The game of basketball has gone global and is now the world's fastest-growing sport. Talented players from Europe, Asia, South America, and Africa are literally crashing the borders as the level of their game now often equals that of the American pros, who no longer are sure winners in international competition and who must compete with foreign players for coveted spots on NBA rosters. Yet that refreshing world outlook stands in stark contrast to the game's troubled image here at home. The concept of team play in the NBA has declined as, in the aftermath of the Michael Jordan phenomenon, the league's marketers and television promoters have placed a premium on hyping individual stars instead of teams, and the players have come to see that big-buck contracts and endorsements come to those who selfishly demand the spotlight for themselves.Even worse, relations between players and fans are at a low ebb. Players are perceived to be overpaid, ill-behaved, and arrogant. Fans, paying hundreds of dollars for tickets, often act boorishly and tauntingly. This tension boiled over on the night of November 19, 2004, at the Palace of Auburn Hills, Michigan, during a Detroit Pistons-Indiana Pacers game, when players brawled with fans as much as each other in what was, in fact, a racial skirmish. When the Pacer players entered the stands throwing punches, they had truly smashed an altogether different kind of border.In the aftermath of that sorry spectacle, regular-season television ratings declined for NBA games. Playoff-game ratings plummeted. Sales in NBA-licensing products sagged by a reported 30 percent. For the millions of Americans who cherish basketball, the love affair has reached a state of crisis.Few people care as deeply and know as much about basketball as Harvey Araton, the highly literate and well-traveled sports columnist for The New York Times. For many a season, Araton has observed "the ballers," as the players call themselves, at college tournaments, the NBA, and the Olympics. He has enjoyed a pressbox seat while watching the great 1980s rivalries of Magic Johnson and Larry Bird, the transcendent career of Michael Jordan, and the slow unraveling of the game through the 1990s until the present season, as newly arrived players and league officials misunderstood and misapplied the mixed lessons of Jordan's legacy. Calling on his many years of watching games, of locker-room interviews, of world-hopping reportage, Araton takes us to scenes of vivid play on the court and to off-camera dramas as well.In this taut, simmering book, the author points his finger at the greed and exploitation that has weakened the American game. And with uncommon journalistic courage, he opens a discussion on the volatile, undiscussed subject that lies at the heart of basketball's crisis: race. It begins, he argues, at the college level, where, too often, undereducated, inner-city talents are expected to perform for the benefit of affluent white crowds and to fill the coffers of their respective schools in what Araton calls a kind of "modern-day minstrel show." It continues at the pro level, where marketers have determined that "gangsta" imagery provides for a livelier entertainment package, never mind the effect it has on the quality of team play. And where, moreover, players themselves, often both street smart and immature, decide to live up to the thuggish stereotypes.Harvey Araton knows the players well enough to see beyond the stereotypes. He knows that for every clownish Dennis Rodman there is also an admirable David Robinson. For every Ron Artest, there is a Tim Duncan. Combining passion and knowledge, he calls on the NBA to heal itself and, with a hopeful sense of the possible, he points the way to a better future.Unflinching, timely, and authoritative, Crashing the Borders is the beginning of a much-needed conversation about sport and American culture. For those who care about both, this book will be the must-read work of the season.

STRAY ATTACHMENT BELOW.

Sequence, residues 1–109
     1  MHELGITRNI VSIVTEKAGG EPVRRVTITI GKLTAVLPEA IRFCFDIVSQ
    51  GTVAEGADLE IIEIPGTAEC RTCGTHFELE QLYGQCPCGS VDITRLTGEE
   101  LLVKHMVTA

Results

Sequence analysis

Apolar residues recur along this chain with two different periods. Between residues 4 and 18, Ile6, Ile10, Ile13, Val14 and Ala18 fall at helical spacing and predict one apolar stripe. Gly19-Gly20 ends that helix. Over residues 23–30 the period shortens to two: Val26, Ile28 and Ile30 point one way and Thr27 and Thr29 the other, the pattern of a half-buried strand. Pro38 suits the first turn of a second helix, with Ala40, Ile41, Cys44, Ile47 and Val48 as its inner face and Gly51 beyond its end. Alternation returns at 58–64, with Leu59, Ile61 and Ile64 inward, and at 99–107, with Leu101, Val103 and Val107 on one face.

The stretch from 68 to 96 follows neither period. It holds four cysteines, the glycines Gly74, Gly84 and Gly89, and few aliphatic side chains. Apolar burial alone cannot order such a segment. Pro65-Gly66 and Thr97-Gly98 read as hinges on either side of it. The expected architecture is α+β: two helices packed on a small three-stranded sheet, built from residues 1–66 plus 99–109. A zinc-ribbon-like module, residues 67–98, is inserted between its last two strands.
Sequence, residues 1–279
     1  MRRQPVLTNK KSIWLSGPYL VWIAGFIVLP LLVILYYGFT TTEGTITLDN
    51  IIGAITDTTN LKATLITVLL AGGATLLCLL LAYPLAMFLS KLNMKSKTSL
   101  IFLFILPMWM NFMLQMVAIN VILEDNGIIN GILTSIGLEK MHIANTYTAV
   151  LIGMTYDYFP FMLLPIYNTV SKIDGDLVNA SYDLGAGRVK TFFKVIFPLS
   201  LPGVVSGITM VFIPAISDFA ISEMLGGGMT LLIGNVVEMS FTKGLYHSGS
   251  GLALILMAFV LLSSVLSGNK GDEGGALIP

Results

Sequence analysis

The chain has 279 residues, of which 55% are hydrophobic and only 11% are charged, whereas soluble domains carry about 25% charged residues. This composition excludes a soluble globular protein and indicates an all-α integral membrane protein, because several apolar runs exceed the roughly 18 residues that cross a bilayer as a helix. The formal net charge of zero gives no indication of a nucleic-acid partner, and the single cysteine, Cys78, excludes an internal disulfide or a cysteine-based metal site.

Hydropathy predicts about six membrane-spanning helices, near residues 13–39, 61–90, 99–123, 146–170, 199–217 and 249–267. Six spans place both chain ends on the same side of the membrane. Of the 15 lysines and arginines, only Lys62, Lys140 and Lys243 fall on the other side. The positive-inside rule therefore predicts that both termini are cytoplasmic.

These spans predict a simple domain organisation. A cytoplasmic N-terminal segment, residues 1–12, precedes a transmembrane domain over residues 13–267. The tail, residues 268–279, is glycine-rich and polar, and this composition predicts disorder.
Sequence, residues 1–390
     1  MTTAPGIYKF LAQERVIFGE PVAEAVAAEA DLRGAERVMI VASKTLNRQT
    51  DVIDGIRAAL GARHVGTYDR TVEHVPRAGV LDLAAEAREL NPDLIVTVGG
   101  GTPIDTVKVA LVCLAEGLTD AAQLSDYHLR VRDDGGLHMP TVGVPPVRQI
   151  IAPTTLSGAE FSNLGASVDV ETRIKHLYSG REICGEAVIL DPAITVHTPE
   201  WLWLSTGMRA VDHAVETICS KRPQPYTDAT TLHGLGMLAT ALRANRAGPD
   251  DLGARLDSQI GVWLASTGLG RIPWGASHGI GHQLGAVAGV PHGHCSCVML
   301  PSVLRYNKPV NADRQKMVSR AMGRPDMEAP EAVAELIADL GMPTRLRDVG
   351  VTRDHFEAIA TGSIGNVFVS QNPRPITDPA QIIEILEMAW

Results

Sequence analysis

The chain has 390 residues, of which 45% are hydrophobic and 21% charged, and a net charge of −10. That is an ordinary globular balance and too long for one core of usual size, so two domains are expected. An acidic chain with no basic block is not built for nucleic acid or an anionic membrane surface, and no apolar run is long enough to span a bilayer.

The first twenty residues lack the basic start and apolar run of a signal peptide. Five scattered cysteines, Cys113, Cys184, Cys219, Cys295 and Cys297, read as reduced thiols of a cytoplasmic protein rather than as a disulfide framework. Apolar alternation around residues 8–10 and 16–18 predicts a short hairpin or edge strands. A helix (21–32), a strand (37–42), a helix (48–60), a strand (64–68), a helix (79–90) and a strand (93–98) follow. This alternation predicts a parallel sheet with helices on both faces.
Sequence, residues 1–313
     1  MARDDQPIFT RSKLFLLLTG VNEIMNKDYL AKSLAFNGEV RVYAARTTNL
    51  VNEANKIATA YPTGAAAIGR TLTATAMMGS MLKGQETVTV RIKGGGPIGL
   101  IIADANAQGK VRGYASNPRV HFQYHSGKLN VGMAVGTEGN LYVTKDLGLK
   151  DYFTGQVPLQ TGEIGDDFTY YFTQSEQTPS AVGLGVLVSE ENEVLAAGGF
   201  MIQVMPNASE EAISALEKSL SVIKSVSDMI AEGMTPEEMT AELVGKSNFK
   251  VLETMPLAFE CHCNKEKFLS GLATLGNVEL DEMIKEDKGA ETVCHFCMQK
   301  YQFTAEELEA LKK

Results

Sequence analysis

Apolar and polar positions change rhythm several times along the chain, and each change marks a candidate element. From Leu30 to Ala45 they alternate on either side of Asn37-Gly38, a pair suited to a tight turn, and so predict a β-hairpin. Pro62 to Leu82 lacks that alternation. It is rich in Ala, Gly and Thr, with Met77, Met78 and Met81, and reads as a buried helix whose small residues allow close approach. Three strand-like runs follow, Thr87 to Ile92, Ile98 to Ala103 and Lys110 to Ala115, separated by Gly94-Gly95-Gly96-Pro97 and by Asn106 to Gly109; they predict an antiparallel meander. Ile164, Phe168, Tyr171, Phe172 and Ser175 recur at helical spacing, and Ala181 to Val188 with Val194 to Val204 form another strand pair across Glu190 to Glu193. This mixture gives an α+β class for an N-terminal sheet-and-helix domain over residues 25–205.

Talk about Crashing the Borders: How Basketball Won the World and Lost Its Soul at Home